Sister Rosemary M. Wixom is quoted as saying: “When we consider that is His day, then what we do is in connection to Him and for Him. But that doesn't mean we can't load our children in our cars and go visit grandparents or family or relatives. It doesn't mean that we can't take time to laugh together.” Additional Sunday-appropriate activities could include writing in journals and to missionaries, as well as sharing the numerous resources the Church has available online with family. The news release shares a couple of great quotes from Elder Russell M. Nelson's April 2015 General Conference talk, "The Sabbath is a Delight". I would encourage all my readers to review that address.

The news release says, "Training on improving Sabbath day worship and gospel learning within families was given to general authorities, area seventies and general auxiliary presidencies during the week of general conference. That training is now being extended to the level of local congregations as training occurs throughout the year. "Training materials focused on improving Sabbath day worship at church and in the home are being distributed to local leaders for upcoming leadership meetings; the principles will then be taught to the full membership of each congregation." Thus ends the news release.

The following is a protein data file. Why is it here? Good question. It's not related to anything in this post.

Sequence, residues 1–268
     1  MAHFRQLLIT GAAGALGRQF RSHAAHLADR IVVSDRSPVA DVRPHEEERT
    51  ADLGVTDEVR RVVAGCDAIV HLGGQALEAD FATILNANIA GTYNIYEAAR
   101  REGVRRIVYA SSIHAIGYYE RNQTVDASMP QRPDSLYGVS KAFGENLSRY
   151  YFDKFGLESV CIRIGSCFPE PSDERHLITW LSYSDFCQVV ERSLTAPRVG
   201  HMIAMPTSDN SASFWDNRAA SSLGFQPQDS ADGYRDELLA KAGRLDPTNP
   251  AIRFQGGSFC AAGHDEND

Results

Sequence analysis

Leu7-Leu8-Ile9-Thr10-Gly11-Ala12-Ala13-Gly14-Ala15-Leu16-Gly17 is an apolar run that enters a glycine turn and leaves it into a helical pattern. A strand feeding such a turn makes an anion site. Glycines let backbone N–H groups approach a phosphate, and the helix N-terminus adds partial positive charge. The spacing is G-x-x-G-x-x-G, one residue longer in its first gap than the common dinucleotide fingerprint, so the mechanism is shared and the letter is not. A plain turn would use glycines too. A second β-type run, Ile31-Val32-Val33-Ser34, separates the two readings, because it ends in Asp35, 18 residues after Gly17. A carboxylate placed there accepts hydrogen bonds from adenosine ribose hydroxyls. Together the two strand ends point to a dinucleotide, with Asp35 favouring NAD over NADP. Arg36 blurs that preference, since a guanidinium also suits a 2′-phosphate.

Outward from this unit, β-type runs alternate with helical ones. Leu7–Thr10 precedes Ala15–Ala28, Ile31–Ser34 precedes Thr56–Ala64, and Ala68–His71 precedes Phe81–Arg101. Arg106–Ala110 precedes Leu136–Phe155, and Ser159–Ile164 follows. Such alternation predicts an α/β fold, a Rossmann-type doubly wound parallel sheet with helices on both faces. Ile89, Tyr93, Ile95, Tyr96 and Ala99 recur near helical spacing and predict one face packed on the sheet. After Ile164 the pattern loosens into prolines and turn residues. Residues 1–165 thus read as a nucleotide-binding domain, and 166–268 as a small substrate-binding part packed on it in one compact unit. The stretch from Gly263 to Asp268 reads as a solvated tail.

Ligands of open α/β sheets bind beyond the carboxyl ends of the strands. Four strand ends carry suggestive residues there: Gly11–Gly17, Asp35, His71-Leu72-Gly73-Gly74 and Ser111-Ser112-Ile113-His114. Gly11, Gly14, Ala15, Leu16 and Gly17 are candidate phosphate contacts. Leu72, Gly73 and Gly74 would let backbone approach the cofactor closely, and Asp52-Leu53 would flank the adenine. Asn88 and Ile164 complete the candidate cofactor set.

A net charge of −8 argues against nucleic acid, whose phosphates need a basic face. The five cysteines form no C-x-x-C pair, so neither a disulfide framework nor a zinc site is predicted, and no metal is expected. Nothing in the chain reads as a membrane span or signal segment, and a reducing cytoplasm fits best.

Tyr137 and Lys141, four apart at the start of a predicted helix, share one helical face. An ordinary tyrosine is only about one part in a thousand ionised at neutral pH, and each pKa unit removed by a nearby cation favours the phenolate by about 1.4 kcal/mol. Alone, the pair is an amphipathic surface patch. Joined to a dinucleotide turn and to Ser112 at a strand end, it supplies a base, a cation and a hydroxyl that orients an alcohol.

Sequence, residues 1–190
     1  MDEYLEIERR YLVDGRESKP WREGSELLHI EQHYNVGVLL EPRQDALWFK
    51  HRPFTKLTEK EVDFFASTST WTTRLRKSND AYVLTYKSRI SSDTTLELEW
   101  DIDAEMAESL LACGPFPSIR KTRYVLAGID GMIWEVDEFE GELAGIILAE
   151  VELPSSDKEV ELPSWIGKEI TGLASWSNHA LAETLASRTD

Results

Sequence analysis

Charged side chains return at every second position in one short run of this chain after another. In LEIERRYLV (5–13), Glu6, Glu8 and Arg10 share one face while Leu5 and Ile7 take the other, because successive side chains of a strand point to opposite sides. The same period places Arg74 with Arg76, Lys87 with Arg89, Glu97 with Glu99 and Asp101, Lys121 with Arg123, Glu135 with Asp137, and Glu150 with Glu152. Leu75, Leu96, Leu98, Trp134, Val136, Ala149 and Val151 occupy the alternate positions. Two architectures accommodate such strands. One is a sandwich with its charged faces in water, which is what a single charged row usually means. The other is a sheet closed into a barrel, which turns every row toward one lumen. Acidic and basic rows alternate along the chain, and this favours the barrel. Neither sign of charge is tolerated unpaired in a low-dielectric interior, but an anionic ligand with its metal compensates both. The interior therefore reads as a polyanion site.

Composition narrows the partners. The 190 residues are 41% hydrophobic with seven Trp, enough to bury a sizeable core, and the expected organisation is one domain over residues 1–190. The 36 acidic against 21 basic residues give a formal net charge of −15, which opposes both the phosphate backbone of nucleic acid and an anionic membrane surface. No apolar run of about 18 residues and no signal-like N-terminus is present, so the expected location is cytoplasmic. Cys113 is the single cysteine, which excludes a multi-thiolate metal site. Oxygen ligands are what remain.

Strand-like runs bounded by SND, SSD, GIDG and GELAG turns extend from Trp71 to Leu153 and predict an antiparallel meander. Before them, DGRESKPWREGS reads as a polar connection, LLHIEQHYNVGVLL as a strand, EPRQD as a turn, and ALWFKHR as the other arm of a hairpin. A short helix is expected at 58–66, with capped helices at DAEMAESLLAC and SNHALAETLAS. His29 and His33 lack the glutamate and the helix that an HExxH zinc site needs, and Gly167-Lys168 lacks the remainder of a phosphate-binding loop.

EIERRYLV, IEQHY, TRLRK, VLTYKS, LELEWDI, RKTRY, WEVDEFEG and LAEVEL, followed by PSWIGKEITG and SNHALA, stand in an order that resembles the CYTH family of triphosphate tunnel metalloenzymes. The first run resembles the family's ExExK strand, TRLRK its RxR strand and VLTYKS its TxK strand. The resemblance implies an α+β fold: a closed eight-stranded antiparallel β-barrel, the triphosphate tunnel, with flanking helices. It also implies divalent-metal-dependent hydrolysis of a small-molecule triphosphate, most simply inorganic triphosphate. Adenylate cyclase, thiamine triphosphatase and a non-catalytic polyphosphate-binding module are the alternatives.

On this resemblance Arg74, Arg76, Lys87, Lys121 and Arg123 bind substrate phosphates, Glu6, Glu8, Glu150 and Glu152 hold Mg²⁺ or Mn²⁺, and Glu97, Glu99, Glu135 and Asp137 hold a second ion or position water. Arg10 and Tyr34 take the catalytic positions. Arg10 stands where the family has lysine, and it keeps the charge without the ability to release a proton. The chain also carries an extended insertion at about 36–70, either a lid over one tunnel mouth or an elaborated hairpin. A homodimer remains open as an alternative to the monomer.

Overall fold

I am grateful for the emphasis that is being placed on Sunday as being a holy day. I hope that those who need to examine their Sabbath day observance will be benefited by this training that will take place. It is my hope and prayer that a reverence and respect for the Lord's holy day may be cultivated and enhanced. and my fervent testimony that blessings come from treating Sunday as a different day and not just another day like any other day of the week. That we may properly observe the Sabbath Day and reap the blessings that come from truly keeping the Lord's Day holy is my prayer as I close this blog post for now in the name of Jesus Christ, Amen.